How does Malta choose a curator?
We come to an artist with a specific intention. We don’t ask: “Would you like to be Malta’s curator?”; we ask: “Would you like to be the curator of a specific theme at Malta?”. Romeo Castellucci was the curator of the Idiom Oh Man, oh Machine, because machine is present in his thought on theatre and in his stage projects. Rodrigo García was curator of the Idiom Latin America. Mestizos because he links the two continents. Sven Åge Birkeland is not an artist, but an acknowledged curator, an expert on Flemish theatre who can watch from his fiord what is happening in the lowlands – that was why he was the curator of the first Idiom Flanders. A curator has only once come from Poland – Kasia Tórz, who came up with the concept of Idioms and curated The Excluded. This year Tim Etchells is the curator, because of his distance and irony, and reflections on language are important matters in the context of the subject: New World Order. Next year, the curator will be Lotte van den Berg, who for years has been concerned with the relationship of actor – spectator in public spaces, which is so important to Malta. The point is not to choose the best-known artists so that Malta can bolster its self-esteem. We choose artists who are interesting from the perspective of a specific theme, which they can develop in the way their intuition tells them.

You say “we”. Who do you mean?
For twenty years Lech Raczak was Malta’s artistic director, and since 2010 we haven’t have just one person serving this function. There is a programme team. The times of great artistic directorshave passed. In the context of what happens in culture, in the fluidity which Zygmunt Bauman described, it is impossible to stay within one paradigm.

Is it easier for a team to flow than for a director?
It is definitely more interesting. We can quarrel about the curator, the Idiom, but just one person cannot manage such a big undertaking. Its character lies in diversity and dialogue. What is the social Generator, where you can have fun until dusk, in relation to the opera The Magic Mountain? They are opposites which meet at one platform. There are many such challenges ahead of big undertaking like this, and it has to meet them.

Are Idioms the formula for the coming years?
We have decided on the themes for the next three editions. We will see what happens later. This festival is constantly developing and has to be self-revising. I from time to time make a SWOT analysis for my own use. And I keep repeating: I have been in Malta from “A”, but will not be to “Z”. I still get satisfaction from organizing the festival, but I think that Malta has become so deeply rooted in Poznań that it will function regardless of who runs it.

Did Malta change Poznań?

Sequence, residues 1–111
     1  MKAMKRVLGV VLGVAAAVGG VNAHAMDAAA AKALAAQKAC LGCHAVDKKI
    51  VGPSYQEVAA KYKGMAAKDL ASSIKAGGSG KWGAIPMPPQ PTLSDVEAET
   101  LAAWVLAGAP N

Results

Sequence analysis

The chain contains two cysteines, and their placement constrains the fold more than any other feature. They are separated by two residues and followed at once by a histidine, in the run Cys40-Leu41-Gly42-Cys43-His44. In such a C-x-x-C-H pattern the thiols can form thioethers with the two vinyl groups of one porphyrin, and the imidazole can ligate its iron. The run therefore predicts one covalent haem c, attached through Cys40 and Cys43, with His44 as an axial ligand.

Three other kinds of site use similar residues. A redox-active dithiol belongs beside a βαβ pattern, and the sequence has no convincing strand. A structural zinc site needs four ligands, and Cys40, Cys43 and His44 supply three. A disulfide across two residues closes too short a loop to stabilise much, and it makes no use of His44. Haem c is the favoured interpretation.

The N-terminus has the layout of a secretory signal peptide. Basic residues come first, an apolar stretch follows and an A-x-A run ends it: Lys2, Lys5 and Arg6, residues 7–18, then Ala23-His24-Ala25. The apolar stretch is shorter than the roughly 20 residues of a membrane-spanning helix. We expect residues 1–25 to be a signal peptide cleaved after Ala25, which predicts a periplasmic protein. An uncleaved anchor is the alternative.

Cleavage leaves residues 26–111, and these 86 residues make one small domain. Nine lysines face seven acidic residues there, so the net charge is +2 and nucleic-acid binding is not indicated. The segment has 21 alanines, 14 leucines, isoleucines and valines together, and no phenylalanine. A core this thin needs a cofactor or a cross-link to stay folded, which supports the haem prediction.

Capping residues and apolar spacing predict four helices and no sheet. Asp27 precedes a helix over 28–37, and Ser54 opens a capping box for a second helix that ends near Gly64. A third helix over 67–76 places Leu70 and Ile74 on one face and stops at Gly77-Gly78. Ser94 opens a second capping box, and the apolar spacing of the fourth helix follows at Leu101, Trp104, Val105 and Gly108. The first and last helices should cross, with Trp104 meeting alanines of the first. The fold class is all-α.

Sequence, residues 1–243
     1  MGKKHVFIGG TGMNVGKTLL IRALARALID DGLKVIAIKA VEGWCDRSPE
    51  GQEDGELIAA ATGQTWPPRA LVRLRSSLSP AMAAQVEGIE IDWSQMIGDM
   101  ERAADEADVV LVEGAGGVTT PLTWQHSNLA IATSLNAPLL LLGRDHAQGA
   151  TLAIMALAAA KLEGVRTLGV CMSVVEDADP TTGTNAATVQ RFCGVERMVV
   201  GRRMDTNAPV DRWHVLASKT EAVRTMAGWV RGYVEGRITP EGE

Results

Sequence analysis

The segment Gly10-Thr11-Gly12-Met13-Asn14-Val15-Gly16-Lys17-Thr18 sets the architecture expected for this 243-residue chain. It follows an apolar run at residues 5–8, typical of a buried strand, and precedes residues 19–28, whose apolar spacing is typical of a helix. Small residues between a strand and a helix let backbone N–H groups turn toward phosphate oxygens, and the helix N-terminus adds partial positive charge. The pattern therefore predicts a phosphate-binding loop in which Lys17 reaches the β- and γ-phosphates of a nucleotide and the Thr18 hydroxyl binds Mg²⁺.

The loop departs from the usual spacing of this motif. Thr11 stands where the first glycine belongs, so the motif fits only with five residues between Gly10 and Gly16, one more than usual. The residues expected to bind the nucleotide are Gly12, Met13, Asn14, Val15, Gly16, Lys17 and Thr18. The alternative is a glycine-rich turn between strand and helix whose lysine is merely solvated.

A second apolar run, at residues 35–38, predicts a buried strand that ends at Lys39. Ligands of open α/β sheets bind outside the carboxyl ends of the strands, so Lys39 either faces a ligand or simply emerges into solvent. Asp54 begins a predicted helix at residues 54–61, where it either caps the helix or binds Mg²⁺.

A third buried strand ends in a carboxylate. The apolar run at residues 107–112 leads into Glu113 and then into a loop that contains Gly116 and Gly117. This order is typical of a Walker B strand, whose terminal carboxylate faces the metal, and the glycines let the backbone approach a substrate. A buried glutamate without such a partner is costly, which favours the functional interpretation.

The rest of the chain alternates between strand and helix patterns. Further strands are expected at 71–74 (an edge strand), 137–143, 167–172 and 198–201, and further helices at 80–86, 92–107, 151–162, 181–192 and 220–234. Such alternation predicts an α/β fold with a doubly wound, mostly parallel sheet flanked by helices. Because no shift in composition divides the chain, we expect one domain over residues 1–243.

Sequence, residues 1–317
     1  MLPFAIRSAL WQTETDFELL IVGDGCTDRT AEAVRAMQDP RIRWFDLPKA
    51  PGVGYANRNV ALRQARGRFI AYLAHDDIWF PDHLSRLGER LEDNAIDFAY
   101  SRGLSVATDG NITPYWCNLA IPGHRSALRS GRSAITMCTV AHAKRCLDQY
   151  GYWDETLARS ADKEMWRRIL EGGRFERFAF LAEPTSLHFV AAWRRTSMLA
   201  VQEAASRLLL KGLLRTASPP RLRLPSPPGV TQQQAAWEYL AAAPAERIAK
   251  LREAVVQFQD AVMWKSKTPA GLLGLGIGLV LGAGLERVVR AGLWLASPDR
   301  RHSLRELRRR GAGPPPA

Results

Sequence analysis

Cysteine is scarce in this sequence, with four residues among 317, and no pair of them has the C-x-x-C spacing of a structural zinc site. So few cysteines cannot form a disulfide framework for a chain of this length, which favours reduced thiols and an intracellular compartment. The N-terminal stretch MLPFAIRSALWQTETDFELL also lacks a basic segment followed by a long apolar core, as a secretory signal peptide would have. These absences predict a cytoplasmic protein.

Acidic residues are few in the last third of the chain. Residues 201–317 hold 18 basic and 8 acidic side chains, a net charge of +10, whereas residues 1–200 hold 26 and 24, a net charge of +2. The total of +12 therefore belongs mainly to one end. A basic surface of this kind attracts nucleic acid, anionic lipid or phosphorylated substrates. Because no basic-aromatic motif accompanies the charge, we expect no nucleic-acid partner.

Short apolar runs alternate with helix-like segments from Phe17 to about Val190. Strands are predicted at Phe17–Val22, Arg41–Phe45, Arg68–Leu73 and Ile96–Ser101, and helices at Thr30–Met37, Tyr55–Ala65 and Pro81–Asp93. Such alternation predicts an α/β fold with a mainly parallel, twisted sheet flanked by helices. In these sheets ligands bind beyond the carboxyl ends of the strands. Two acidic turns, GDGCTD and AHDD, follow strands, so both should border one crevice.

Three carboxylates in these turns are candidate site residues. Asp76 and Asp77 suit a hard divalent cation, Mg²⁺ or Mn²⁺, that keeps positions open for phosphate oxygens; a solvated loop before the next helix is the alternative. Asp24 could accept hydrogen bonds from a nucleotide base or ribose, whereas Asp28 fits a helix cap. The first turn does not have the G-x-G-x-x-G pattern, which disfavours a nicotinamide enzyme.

Today, an exhibition about the 25 years of self-government in Poland was held in front of the Presidential Palace in Warsaw and the only photograph from Poznań presented Malta. From the perspective of a person who knows the city, was born there and shares his life between Poznań and Warsaw, I believe that Malta has left its mark on the city and is still doing so. At the beginning of the 1990s, I never thought that one day we would be speaking about the 25th anniversary of the festival. I only became aware of it after a few editions. We continued, although there were numerous attempts to close us down. For example, in 1994 Henryk Krzyżanowski, spokesman of the president of that time, and Marcin Libicki, city councillor, wrote a protest letter against Malta, because we entered a hospital with a coffin. In that same year, we showed 100 performances for the first time and acquired funding from the European Union. In fact, Malta was the first in Poland to use EU funds. It was also the first to combine different fields of art. When the news about Bregovic’s concert at Malta spread, everybody said we were mad, but then they experienced something unbelievable. Or the show Peplum by Royal de Luxe – thousands of spectators by Lake Malta watched this parody of great Hollywood movies, and Polish Television filmed the full show. The group has never agreed to this before. Where did the band Buena Vista Social Club appear for the first time? Małgorzata Dziewulska once pointed out to me that many of today’s most significant artists appeared in Poznań, at Malta, for their first time in Poland. For instance, Castellucci with Genesi in 2001, Pippo Delbono who came here in 1998 with the show Barboni before his great career in Avignon. These are events which we are proud of, but Malta went through some difficult moments too. Above all, the death of the actress Susan Gandolf onstage in 2002. I am not trying to win anybody over or philosophize, but it undoubtedly affected the next decisions we faced. It was one of the reasons why did not man the barricades fighting for the show Golgota Picnic. We have never turned away from Rodrigo Garcia, but he himself did not agree to stage the show in Warsaw. He took the inconvenient role of a revolutionary, which he played so well. For me, the death of the actress and cancellation of Golgota Picnic were the most dramatic events at Malta. However, I place them in this order. The cancelation of Golgota Picnic was a huge trauma to me, but nothing will bring the actress back to life. Malta has gone through a long and bumpy road. Despite the problems, it persists. Of course, everyone is an expert on it and knows what it should be like. It used to be cool, but now it isn’t. It’s not true. The situation is completely different.